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Sunday, September 4th 2005

The Plight of African-Americans

At the processing center in San Antonio for newly arriving victims of Katrina 90+% of the refugees are black.

This isn’t a surprise. New Orleans has over 350,000 African-Americans, making up perhaps more than 70% of its population. The fact that they’re over-represented amongst the refugee population is to be expected, as blacks in New Orleans, and throughout the country, make up a disproportionate percentage of the lowest socioeconomic class.

The rich made it out of New Orleans and the poor didn’t. There’s nothing unexpected about that or unethical really. If you had a car and you were smart you got out. If you didn’t have a car, you didn’t get out.

What is troubling however are claims by black leaders and icons like Kanye West that the “sluggish” relief effort can be tied to the fact that so many of the ‘refugees’ or ‘American citizens,’ as some black leaders insist they be called, were African-American.

The claim reeks of the culture of paranoia and victimhood that perpetrates a large sect of African-American culture. According to this theory, and there is no hyperbole in this claim, ‘Racism exists in America extending all the way to the top of the federal government, and almost all hardships which befall the black people have such as a causality.’

I hope you’re scratching your head. The poor socioeconomic condition of African-Americans in this country, which has everything to do with the fact that such a large number of African-Americans failed to get out of New Orleans in the first place, has more to do with this culture of victimhood than any racism in this country.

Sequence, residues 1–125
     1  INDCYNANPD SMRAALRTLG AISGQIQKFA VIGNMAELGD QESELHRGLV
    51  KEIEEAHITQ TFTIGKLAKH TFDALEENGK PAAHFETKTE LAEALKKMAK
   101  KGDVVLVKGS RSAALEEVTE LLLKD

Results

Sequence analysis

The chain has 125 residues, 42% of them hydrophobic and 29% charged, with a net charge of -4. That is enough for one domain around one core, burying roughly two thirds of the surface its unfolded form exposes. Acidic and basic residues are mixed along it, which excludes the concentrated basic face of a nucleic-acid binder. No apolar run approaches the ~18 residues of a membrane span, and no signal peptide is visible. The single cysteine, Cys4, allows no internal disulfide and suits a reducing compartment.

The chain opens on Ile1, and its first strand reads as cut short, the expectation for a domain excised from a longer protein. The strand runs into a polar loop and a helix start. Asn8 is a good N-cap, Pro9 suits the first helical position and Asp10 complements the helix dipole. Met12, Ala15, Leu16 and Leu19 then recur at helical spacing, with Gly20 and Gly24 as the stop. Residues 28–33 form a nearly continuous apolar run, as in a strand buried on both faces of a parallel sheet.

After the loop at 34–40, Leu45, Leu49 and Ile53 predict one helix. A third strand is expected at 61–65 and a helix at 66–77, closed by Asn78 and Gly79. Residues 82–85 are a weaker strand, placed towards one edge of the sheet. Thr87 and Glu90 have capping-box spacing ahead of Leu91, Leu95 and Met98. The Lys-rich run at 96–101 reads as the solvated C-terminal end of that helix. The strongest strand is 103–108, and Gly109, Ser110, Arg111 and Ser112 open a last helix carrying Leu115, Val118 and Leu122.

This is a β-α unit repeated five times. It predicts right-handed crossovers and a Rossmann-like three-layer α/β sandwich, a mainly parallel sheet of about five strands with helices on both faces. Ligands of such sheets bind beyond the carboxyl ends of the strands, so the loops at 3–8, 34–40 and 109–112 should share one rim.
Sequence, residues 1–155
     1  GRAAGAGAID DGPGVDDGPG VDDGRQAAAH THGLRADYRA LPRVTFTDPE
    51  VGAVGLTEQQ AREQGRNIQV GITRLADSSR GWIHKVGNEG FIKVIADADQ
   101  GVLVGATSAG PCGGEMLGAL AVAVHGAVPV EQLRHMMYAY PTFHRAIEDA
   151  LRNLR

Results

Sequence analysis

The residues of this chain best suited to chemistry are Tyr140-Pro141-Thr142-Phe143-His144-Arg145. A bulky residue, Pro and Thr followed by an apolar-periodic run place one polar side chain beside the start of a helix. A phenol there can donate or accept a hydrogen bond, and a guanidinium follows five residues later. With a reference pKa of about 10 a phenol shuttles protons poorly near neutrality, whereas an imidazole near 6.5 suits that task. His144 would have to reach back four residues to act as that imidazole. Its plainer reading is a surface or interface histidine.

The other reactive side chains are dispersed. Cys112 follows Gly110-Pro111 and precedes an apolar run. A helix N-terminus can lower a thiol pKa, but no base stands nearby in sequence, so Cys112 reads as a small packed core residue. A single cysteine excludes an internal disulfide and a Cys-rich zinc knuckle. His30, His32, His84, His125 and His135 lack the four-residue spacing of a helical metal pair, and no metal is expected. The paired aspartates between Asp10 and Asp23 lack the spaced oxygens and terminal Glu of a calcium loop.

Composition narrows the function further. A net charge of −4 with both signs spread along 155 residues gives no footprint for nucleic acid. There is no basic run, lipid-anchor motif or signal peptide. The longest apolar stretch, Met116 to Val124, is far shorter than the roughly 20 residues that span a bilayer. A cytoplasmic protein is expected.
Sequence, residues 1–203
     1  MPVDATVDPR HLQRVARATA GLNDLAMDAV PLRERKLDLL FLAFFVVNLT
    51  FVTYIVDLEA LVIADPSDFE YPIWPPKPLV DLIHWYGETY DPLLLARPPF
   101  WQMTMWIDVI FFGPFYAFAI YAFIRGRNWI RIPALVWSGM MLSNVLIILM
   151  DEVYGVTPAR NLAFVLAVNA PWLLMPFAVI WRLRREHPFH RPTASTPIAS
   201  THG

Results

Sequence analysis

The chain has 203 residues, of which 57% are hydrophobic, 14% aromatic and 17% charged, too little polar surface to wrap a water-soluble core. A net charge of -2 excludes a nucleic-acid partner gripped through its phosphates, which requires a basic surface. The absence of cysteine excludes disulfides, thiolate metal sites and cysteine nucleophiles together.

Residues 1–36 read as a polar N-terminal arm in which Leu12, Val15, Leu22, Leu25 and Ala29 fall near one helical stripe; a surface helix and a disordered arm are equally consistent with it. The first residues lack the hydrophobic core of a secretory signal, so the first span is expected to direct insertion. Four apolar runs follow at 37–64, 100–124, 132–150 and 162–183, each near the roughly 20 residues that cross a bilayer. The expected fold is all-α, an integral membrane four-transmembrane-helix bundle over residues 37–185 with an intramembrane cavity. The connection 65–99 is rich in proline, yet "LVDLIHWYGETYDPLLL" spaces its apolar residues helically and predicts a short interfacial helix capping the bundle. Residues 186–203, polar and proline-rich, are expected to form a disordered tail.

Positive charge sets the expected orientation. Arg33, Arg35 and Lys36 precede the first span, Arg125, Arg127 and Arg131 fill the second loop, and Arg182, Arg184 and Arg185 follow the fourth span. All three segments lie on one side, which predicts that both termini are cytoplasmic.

As long as the black community looks for external sources to their hardships, instead of declaring themselves capable of making their way without their welfare checks (some hyperbole there), they will always be the refugees.

I will never know or understand racism as a an African-American does. I will never understand the social and historical implications of slavery as a black person does. But there are ethnic, racial, and religious groups who have faced plights of similar magnitude. How can I read through European papers and not find nearly as many Jewish hardships blamed on anti-semitism, as I do black hardships (such as the failure of Katrina relief) blamed on racism? For that matter how is the socioeconomic condition of the Jewish community in Europe so much better than the African-American community in America? These people had literally nothing fifty years ago.

There’s really an argument that German reparations and amendments have single-handedly brought the Jewish people off their financial and social knees? There’s really an argument racism in this country is so much larger than anti-semitism in Europe?

It’s not an incredibly strong analogy, I understand, but it is there.

I think it’s paranoid and self-serving, in ways, to imagine that either a) the President set down all the multitude of people who made high level decisions concerning the relief of New Orleans and instructed them to slow down because there were black people in the city or b) a large number of these decision makers unconsciously didn’t work as hard as they could’ve because they saw there were only black people on the news.

How absolutely ridiculous does that sound? I know, from the subjective position of many African-Americans it isn’t so ridiculous. Well, until many African-American leaders start seeing the situation more objectively, they’ll continue to contribute to their community’s own self-fulfilling prophecy.